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Can you #tweet your way to #greatness? #NoWay

Drive profitable sales with a plan and some meat on the bones


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Simplifying messages is a talent that’s extremely valuable as an executive. Framing issues quickly and distilling them to their essence is a proficiency that comes more naturally to some than others. But it’s valuable and learnable, whether you’re an executive or on your first job.

Brevity, however, has its limitations.

“Go, team, go” might be brief, but if that’s the direction a CEO gives the team regarding strategy, I’m fairly confident the people who make up that team won’t have a clue what the heck to do or where to go.

Trying to run a company (or a country, for that matter) by relying on messages with fewer than 140 characters is like trying to cook gumbo with only rice.

I worked with a CEO at one point who didn’t have a clear strategy and, as a result, naively thought it was all about the execution.

Next time you hear that frequently used phrase, please send that individual my way. Execute what?!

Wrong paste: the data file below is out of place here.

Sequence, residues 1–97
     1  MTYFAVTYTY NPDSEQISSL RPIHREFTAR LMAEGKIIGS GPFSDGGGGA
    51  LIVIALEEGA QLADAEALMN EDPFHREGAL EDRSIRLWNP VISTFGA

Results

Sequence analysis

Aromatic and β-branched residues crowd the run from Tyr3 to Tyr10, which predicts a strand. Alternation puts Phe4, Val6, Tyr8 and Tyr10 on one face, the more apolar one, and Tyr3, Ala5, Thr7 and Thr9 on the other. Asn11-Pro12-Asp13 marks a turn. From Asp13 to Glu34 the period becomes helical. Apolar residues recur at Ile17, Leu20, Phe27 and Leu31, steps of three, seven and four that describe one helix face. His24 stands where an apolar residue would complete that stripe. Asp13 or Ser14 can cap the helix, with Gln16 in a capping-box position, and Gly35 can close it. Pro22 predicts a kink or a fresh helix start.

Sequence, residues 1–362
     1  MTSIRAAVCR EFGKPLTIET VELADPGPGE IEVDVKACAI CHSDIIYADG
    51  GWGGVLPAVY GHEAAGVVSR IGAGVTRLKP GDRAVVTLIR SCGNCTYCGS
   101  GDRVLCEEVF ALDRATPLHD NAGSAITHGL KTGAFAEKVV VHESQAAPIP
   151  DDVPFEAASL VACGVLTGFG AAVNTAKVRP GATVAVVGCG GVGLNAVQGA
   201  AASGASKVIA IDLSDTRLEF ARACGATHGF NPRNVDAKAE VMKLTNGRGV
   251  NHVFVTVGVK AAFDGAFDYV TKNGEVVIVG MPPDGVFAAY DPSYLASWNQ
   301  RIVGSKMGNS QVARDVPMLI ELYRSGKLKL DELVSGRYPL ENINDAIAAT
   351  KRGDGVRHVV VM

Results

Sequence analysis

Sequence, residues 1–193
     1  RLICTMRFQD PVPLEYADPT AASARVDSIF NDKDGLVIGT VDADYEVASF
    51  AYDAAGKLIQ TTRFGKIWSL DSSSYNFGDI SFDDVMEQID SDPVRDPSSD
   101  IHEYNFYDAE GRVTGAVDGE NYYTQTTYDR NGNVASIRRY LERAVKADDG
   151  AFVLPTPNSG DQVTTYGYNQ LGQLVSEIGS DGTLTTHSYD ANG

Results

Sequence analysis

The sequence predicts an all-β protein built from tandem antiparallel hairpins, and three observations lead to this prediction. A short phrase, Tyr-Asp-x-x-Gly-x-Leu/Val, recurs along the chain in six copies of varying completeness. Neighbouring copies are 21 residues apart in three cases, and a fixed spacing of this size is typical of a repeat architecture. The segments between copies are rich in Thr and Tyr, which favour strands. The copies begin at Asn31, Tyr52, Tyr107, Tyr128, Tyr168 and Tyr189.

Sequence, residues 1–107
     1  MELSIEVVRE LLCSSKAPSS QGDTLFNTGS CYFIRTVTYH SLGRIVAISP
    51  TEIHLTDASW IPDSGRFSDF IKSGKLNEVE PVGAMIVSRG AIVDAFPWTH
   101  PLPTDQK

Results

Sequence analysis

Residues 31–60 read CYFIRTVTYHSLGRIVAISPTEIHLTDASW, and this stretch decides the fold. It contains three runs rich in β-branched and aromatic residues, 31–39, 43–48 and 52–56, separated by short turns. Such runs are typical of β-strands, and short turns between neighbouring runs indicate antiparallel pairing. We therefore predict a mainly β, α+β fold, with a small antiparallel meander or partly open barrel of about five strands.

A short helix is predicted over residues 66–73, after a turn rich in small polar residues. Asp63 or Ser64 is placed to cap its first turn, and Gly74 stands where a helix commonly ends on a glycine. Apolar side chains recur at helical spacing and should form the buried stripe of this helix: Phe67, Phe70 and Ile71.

Because this particular executive identified no clear path forward, left weekly voicemails for thousands of employees imploring them to “drive profitable sales” without direction regarding how. Dumb! I suspect in today’s world he’d have done this on Twitter, and the result would be the same.


On the flip side

Years ago I worked with a financial officer who had mastered the ability to merge detailed thinking with brevity. In meetings, he would — to board members’ horror — walk in with a stack of slides (yes, this was quite a few years ago!) about a foot high. However, he only used a few of them to illustrate his key points. The other slides were backup, and he was so well rehearsed there was nary a question thrown his way that he couldn’t answer with a backup slide.

Whether the message has a “Go team!” mentality, a “Drive profitable sales” strategy, or — from our current political environment — “Repeal and replace” approach, there;s got to be some meat on the bone.

These exhortations by themselves are worthless.

“Rah, rah, sis, boom, bah” might work at cheerleading camp, but it doesn’t get you to the goal line.

Executives must be able to synthesize and simplify, but they also must provide a game plan with some detail.

I hope you drive some profitable sales today (with a plan).

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Todd Ordal

Todd Ordal is president of Applied Strategy®. Todd helps CEOs achieve better financial results, become more effective leaders and sleep easier at night. He is a former CEO and has led teams as large as 7,000. Todd is the author of Never Kick a Cow Chip On A Hot Day: Real Lessons for Real CEOs and Those Who Want To Be (Morgan James Publishing, 2016). Connect with Todd on LinkedIn, Twitter, call 303-527-0417 or email todd@toddordal.com.

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